Seger's Midnight Reflections

I wrote this a while back, originally intending it as an article for my self-published column which morphed into this blog. But I think this essay has seen its final edit. Seger just wrenches my heart out.  Plus I love his use of the word "unencumbered" in "Like a Rock." Enjoy. 

Seger’s Midnight Reflections

When you ask a group of mixed company their opinions about Bob Seger, you elicit a variety of reactions. Some toss him in the rubbish bin of Americana machismo, writing him off as a commercialized hit machine, a sell-out whose main quest is accumulating wealth.  For proof, just look to Chevrolet’s advertising campaign using “Like a Rock,” as the soundtrack and Metallica’s uninventive cover of “Turn the Page.” 

Others might appreciate the depth and variety of his music, which ranges from hard-driving rock and roll standards like “Old Time Rock'n'Roll” and “C’est La Vie,” to his lyrical 70’s ballads like “Mainstreet” and “We’ve Got Tonight,” to evocative praises of youth in America like “Against the Wind” and “Night Moves.”

However, most people tend to overlook one of Seger’s greatest assets: his lyricism. Now I know what you’re saying: “What? Seger has lyricism? You’re shittin’ me, right?” But I shit you not. Seger is a master lyricist, especially when handling longings of the human spirit, remembrances wrought by moonlight, and moments when visions of the past come crashing into his protagonist's mind.

Take “Night Moves” for example. After establishing those three compelling chords and launching into some romantic recollecting, Seger says in a hushed musical moment, “Woke last night to the sound of thunder / How far off, I sat and wondered / Started humming a song from 1962 / Ain’t it funny how the night moves.” The distant thunder pierces the composition like a siren, becoming an inescapable reminder of the good times Seger's narrator now relives only through memory. The thunder represents the brevity of youth clapping loud and strong, sounding out over the land, then fading slowly and inexorably back into the darkness. The night becomes a time in which one remembers, feels weaker and less able. The light fades and only memories remain. 

In “Like a Rock,” a slow song dripping with melancholy, Seger's speaker details his life as a young man “sweatin’ in the sun.” He depicts his former youth as strong and purposeful, idolizing his past self with a wistful yearning to inhabit that spirited body once again. But the narrator, growing weaker and more uncertain with each passing year, can only relive those past glories in memories wrought by the darkness: “And sometimes late at night / When I bathe in the firelight / The moon comes callin’ a ghostly white / And I recall / I recall.” In this song, the recollection inspired by firelight and the ghostly moon serves as the profound dilemma, recalling a tortuous but somehow soothing image of an idealized past. With “I recall,” the vocals rise, the drums roll, the chorus kicks in, and the listener remembers something of their own selves, something the rigors and perils of time stole from them along the way. Recollecting becomes profundity, the stuff of subjective reality, in Seger’s lyrical universe.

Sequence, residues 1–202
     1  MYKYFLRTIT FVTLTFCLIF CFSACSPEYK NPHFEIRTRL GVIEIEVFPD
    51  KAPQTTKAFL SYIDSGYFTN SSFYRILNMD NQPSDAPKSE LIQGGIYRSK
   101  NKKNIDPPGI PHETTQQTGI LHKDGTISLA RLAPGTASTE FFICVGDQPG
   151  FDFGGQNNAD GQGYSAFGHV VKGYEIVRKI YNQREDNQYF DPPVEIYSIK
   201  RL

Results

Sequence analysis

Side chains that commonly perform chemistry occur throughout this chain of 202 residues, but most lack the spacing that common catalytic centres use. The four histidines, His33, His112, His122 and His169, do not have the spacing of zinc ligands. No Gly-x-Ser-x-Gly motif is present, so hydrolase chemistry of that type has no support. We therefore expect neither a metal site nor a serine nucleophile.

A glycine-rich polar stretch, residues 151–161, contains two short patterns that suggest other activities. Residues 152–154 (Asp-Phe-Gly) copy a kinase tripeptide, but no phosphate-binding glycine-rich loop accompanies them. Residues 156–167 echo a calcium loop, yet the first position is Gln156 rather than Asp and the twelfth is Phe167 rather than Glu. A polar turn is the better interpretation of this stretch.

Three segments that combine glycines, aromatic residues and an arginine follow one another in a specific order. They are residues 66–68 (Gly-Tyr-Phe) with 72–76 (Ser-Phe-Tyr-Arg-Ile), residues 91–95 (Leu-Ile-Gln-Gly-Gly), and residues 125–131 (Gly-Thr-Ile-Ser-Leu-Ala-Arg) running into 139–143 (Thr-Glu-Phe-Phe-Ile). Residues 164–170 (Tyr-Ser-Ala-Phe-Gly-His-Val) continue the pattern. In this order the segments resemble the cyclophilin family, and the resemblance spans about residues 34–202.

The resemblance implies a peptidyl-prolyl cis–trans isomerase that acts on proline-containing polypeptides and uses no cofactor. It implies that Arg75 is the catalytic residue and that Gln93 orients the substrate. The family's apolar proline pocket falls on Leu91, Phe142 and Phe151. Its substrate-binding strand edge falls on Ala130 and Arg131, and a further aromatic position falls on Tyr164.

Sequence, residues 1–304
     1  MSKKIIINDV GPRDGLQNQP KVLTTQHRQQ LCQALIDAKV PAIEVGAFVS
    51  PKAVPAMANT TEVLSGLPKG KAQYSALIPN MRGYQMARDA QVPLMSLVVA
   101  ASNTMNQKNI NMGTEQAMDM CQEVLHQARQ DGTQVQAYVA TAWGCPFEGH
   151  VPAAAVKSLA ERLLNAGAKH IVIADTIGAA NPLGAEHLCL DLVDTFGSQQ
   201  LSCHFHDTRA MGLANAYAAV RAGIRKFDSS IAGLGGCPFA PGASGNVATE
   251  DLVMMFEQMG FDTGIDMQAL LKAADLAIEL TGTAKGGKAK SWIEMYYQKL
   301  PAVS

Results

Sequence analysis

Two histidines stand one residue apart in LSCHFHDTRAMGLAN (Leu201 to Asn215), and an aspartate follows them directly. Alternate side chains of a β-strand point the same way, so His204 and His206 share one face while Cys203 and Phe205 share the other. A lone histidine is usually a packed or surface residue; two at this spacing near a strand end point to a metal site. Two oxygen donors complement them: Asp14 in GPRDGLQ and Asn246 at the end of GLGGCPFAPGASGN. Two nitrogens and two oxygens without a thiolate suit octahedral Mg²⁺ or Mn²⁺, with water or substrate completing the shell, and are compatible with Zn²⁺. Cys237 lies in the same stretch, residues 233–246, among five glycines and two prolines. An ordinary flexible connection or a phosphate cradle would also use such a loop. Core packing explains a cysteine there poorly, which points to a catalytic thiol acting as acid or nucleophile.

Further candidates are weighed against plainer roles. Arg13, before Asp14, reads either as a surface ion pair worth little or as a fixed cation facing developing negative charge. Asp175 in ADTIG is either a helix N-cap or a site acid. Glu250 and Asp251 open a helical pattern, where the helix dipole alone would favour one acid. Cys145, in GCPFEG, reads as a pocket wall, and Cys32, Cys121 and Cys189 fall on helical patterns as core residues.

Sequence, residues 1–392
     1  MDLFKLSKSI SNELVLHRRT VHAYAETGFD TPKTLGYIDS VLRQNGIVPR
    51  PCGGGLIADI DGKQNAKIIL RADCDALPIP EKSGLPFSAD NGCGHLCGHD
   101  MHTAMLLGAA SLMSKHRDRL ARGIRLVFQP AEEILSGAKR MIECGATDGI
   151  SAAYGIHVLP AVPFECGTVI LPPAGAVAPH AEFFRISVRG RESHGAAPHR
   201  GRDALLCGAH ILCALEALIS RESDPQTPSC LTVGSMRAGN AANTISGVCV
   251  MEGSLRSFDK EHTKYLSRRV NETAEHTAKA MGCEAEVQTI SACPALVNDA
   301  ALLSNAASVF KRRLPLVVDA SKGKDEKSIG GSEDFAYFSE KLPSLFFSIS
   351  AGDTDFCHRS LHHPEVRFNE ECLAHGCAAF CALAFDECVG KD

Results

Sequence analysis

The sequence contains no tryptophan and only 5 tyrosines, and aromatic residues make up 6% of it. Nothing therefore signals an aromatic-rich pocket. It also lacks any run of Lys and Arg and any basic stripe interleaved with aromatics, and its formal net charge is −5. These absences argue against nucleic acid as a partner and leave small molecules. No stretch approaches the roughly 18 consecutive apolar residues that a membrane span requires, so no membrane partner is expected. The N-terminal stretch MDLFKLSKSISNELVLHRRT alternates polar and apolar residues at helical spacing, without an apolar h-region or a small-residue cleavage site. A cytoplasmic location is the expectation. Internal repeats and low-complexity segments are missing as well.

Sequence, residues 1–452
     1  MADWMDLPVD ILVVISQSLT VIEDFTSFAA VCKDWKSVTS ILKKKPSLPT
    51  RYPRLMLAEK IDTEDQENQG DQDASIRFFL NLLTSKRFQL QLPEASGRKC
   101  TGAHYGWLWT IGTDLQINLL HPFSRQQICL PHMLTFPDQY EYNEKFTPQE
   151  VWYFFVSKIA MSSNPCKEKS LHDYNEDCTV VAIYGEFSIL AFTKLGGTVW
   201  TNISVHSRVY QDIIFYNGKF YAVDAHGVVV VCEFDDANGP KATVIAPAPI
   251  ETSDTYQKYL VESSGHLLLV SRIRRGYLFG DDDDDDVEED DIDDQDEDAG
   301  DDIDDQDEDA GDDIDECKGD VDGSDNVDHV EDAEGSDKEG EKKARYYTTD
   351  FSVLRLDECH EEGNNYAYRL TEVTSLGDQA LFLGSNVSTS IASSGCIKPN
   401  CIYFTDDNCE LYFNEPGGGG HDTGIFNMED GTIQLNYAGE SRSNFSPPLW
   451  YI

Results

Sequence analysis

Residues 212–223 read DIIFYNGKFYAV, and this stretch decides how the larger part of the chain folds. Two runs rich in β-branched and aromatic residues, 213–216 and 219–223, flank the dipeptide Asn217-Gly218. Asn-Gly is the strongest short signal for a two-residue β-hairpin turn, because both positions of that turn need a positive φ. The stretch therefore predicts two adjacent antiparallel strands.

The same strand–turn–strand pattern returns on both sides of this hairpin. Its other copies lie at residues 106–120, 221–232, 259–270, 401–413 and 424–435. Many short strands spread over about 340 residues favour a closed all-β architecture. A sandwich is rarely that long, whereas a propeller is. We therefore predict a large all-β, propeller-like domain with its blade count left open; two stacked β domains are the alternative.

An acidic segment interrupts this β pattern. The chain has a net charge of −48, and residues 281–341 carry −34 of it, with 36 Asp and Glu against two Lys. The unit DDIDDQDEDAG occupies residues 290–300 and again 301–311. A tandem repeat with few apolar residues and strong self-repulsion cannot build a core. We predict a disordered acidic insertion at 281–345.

Seger’s best moments of lyricism lie in the ephemerality of youth, the lusting after those days of strength and beauty, and the yearning to be young again. He renders our souls in the darkest hours of the night, the wind, rain and thunder sounding outside the window, as we long for a distant past in which we lived and loved and felt alive. We realize, in these moments of midnight reflection, that we can never live so vigorously, so deliberately again. To Seger, our younger selves inhabit a space of possibility and enchantment; those memories portray a world with more color, fullness, vigor, and vibrancy than present or future.  And only when we’ve burned through our youths can we appreciate those fleeting moments of strength and beauty, of will and courage, of risk-taking and pure loving. Those days of possibility, of pliability, pass us by, leaving behind a pervading sense of nostalgia.

Check out the lyrics to “The Fire Inside,” a song about a woman on the prowl looking for love and sex in the flashy world of neon and disco. After she succeeds in her quest for love between the sheets, a subtle and indefinable feeling of aching and remorse overtakes her spirit. The narrator says,

Then you walk to the window and stare at the moon
Riding high and lonesome through a starlit sky.
And it comes to you how it all slips away
Youth and beauty are gone one day
No matter what you dream or feel or say
It ends in dust and disarray.

Once again, the moon, the stars, and the darkness of the night instill a sense of emptiness within the song’s main character. In this universe, the setting of the sun signals a loss of youth and innocence, and the moonrise signals a weakening of the spirit. In the nighttime inhabitants of Seger’s lyrical motifs feel their deepest pangs of hunger and regret, of remorse for the death of the person they used to be, of nostalgia for all that person stood for. The stormy, tumultuous nighttime parallels the tumult of the human spirit.

For Seger, midnight remembrances always recall a spirit of American innocence, a time before night fell on our youth. You can find these themes throughout his catalog. We cannot appreciate those years of pure potential until we’ve burned them up, until we've taken those days of vigor and tenacity while the sun shines bright upon us for granted. Our youths provide infinite achievability and beautiful bodies fit for that task.  But before long, the sun will set and the moon will rise. We’ll find ourselves awake one night unable to sleep, gazing out the bedroom window and staring at the moonlight, hearing thunder clap in the distance, wondering where the days have gone, and thinking of the things that might have been.

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